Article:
10) I can still recall the stairwell at the World Trade Center in NYC as I walked down 98 floors during the '93 bombing (two weeks after I had started a part-time job there: part time that led to a 13 year career.)


I nominate the following people for this award:
1) Arthur Wooten - @arthurwooten Arthur was one of the first authors I met on twitter (after seeing his name everywhere) whose writing I have devoured. He is so helpful, believes in supporting other authors, and is an amazing writer! (He also came to my debut novel book launch in NYC so we could meet in person!)
2) Traci Ford - @GSand1804 Traci is someone I know in real life and not just online. But what I love about her blogging is that she covers so many different topics and is not afraid to speak her mind.  I so admire that.
3) Carey Parrish @careyparrish Carey is a twitter author I met through a string of others who I instantly took a liking to. Not only is his writing delightful, but his blogs and interviews of other authors are truly eye-opening and informative while making people feel so comfortable. A great guy to follow.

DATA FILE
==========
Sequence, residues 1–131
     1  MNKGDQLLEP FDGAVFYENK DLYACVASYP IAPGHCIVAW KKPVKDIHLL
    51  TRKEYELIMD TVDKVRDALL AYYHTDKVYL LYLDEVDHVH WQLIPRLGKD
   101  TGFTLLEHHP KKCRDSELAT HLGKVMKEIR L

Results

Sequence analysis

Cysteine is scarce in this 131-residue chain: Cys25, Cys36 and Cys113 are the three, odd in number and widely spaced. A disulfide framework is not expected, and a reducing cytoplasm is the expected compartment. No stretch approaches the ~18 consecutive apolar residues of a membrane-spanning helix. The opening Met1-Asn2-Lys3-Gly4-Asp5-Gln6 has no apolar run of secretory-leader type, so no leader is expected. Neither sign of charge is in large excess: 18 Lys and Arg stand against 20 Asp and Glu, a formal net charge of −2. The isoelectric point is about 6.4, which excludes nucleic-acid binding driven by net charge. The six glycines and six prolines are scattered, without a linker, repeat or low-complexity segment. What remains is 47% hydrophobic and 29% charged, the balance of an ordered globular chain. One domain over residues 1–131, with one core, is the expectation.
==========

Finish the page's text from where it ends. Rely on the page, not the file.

4) Alina Oswald @ANO07 Alina was is a writer and a photographer I met on twitter who I noticed kept re-tweeting my tweets. Eventually we started 'talking' more and I found her to be such a kind, cool, supportive person. (You must read her new biography!)
5) Jack Andrew Urquhart @JackAUrquhart Jack is an incredible storyteller, wonderful supporter on twitter, and a blogger who covers so many subjects. Definitely worth the follow!
6) Kergan Edwards-Stout @EdwardsStout Kergan is the most recent twitter friend I've made, but we made an instant connection through our debut novels'  and then our similarities in life. A very giving person who understands what a platform is and how to use social media. 

Tuesday, January 24, 2012

Identity Crisis